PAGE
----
Dumpster Chronicles 3

The Dumpster Chronicles: A Whimsical and Irreverent Guide to Nantucket, Being Part 3


I first came to the island with a group of friends some thirty years ago. We rented an old cottage on the bluff out in Tom Nevers; it and the old Navy Base were the only buildings out there at that time. It was a perfect spot to enjoy our summers.

As we were the only folk out there, we had never thought it necessary to bother with bathing costumes; if we wanted to go for a swim, it was a short walk from our house down to the beach. One afternoon after lunch, we decided to go for a dip. It was a perfect summer day with a cloudless sky, soft breezes, and the gentle lapping of the waves along the beach; not a discarded beer can in sight. All was right with the world as we lay in the warm sunshine on the empty, endless beach. We were remarking on how lucky we all were to have this sanctuary with not another living soul in sight, at which point we noticed a movement on the bluff leading down to the beach.

After a few minutes we could clearly make out the shape of a woman and two young children slowly descending the pathway. The entourage arrived and plonked down a bewildering assortment of beach chairs, towels, picnic chests and various beach bags along with a large transistor radio playing heavy rock music. With the entire beach at their disposal, the group ensconced themselves just a few feet from our spot. I could not help but feel a sense of foreboding; these were the first people who we had ever seen out here.

The lady wearing a brightly-flowered stretch one-piece bathing costume settled the children, and then with a determined stride, heaved her considerable bulk with all the inevitability of a centurion tank in our direction. She came to a halt and, assuming a military stance, fixed us with a withering stare. In a voice that sounded like a corncrake with a throat infection, she demanded that we immediately “cover up”!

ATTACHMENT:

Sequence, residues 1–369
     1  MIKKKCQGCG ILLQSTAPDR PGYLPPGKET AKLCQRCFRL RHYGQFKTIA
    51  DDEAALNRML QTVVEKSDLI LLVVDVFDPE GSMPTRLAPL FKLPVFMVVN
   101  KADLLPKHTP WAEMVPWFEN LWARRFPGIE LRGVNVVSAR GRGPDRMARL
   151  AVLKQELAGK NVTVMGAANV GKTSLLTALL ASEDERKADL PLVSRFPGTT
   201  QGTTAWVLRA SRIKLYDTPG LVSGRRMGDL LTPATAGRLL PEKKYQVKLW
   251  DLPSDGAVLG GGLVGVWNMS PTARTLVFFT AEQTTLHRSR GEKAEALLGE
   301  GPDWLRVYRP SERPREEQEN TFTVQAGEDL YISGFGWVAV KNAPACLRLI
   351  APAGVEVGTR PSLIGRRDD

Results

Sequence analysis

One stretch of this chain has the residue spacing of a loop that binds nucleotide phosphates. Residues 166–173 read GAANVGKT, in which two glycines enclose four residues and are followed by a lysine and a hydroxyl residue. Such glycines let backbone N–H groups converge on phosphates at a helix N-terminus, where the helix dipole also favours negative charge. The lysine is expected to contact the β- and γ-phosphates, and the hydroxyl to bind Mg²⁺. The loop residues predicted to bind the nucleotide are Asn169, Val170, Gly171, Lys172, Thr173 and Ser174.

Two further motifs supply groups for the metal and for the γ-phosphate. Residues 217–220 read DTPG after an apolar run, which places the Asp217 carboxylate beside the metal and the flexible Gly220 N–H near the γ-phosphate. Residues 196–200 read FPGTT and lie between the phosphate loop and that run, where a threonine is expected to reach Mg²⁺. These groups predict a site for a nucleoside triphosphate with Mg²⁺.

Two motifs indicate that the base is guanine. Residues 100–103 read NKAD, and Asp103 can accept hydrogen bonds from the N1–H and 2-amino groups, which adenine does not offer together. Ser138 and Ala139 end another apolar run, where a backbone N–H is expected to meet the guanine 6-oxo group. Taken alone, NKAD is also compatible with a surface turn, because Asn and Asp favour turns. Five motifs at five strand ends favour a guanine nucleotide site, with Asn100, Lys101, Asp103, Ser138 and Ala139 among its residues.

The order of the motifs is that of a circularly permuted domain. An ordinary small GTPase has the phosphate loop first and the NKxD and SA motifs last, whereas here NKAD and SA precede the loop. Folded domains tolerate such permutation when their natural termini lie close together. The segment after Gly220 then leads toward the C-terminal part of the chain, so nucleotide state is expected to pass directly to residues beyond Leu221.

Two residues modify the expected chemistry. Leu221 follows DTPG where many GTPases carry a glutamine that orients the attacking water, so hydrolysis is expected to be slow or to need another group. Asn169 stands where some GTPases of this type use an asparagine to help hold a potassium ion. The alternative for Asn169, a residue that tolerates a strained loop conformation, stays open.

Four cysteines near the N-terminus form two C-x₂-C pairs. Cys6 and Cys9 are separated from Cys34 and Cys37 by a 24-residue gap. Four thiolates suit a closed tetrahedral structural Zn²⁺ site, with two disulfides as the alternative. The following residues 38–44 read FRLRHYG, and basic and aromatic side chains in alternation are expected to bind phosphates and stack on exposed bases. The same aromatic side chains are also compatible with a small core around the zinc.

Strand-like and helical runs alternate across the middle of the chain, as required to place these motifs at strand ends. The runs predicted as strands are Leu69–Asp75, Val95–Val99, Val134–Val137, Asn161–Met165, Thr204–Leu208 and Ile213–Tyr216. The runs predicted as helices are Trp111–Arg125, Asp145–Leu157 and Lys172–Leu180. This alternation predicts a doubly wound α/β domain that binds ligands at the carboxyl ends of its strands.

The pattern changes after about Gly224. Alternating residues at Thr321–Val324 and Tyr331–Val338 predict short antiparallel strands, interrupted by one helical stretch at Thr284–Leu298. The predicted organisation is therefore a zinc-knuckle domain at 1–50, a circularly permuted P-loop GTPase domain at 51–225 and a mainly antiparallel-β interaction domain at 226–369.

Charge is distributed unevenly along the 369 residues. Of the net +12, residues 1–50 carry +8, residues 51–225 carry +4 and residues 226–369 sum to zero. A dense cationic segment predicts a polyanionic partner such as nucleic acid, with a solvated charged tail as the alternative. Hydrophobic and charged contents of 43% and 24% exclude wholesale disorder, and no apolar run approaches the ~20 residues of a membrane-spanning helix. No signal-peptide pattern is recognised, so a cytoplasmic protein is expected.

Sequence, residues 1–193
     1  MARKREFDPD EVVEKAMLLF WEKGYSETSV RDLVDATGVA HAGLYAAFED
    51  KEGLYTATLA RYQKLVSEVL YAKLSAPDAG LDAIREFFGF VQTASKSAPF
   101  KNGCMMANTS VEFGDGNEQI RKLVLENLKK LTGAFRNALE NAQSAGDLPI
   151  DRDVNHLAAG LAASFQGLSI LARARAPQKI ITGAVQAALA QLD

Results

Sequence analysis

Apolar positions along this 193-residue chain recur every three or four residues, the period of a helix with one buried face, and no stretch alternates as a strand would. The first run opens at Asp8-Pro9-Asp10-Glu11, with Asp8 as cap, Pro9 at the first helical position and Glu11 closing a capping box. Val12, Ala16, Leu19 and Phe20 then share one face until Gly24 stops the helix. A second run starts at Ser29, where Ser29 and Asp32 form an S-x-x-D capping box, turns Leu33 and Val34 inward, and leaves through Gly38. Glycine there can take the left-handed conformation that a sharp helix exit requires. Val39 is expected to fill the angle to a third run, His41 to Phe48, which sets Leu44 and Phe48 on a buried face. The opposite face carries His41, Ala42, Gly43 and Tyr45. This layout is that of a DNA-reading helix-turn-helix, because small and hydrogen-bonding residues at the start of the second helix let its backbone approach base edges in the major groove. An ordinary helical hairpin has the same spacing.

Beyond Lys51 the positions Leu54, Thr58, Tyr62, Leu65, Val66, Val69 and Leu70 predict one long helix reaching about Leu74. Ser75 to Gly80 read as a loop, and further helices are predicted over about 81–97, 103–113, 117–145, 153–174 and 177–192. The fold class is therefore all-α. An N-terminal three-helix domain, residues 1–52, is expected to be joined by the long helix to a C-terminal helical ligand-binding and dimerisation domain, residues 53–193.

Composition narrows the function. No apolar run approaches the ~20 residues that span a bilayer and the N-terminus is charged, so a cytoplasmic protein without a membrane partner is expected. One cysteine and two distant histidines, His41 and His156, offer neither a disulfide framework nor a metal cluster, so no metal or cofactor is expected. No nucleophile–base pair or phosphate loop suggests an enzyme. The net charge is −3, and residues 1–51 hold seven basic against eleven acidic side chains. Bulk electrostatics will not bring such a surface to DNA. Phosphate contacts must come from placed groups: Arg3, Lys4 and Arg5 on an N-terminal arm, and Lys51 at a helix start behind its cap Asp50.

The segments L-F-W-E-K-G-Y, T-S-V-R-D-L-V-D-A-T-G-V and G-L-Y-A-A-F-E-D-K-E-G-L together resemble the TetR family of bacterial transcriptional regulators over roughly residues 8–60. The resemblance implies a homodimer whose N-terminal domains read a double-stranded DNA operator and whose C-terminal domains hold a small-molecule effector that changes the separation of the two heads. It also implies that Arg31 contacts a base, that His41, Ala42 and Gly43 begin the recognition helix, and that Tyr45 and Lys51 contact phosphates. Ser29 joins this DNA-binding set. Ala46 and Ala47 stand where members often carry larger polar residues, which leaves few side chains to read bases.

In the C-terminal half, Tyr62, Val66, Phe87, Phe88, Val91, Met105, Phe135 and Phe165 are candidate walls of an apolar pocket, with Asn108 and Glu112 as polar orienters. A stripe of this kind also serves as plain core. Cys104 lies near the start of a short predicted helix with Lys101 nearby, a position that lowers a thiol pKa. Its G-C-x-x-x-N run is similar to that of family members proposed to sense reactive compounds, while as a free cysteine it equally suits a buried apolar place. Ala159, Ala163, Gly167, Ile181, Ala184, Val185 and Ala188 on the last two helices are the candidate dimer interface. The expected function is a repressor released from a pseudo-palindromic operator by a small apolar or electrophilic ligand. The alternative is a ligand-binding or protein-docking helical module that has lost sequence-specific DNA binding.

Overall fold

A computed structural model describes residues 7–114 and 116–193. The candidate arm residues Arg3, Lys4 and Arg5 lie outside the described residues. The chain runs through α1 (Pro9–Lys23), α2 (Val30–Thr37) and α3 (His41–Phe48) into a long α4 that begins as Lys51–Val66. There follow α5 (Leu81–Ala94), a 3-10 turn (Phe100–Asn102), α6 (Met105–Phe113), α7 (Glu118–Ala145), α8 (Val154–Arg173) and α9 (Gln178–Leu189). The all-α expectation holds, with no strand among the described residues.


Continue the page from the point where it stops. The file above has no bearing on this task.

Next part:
We tried to point out that we did not bring bathing costumes because there was never anyone else on this particular beach, and anyway, she had ample alternative space from which to choose another more acceptable spot, free from our offensive nudity.

We were treated to a tirade of how disgusting we were and assured that if we did not immediately remedy our nakedness she would call the police. It was all so ludicrous that we decided to simply pretend that she was not there and continued with our sun bathing. Off she wobbled with her entourage back from whence she had come. About half an hour later we saw to our amazement the lady and a police car on the bluff. It seemed that she had been as good as her word.
Our quiet relaxing afternoon was destined to be short-lived. Since we had no form of attire, we were at something of a loss as to how we should proceed. One of the girls found a pair of socks in her bag, which we used to cover our private parts. We walked up the bluff to face the lady and the local constable.

The officer assured us that the law was on her side. “I don’t know who the hell she is but she is a fanatic and if you don’t immediately go and put on some clothing I will have no choice but to arrest you all and you will spend the night in the pokey. Now do me a favor and offer a courteous apology and then get the hell out of here; I have better things to do.”

We were left reflecting that our once sacrosanct beach had been forever soiled by this uncalled for intrusion.

Nowadays one can sunbathe on almost any of the beaches wearing the briefest form of beach attire which covers very little and leaves little to the imagination.

So welcome to Nantucket. You will find that there is much to entertain the curious visitor.

To be continued . . .

Kerry Hallam was born and raised in the North of England. He was elected to the Royal Society of Artists and later established his first studio in the South of France. Kerry has lived and painted on the island for the past thirty years. He is represented internationally by Chalk and Vermilion of Greenwich, and has held extensive one man shows in the States, Japan, France and the U.K. His autobiography ‘Getting to Nantucket’ was recently published, and in the past few years, he has issued seven C.D.’s of own written and performed music. All illustrations are by Kerry Hallam. This column will appear regularly.

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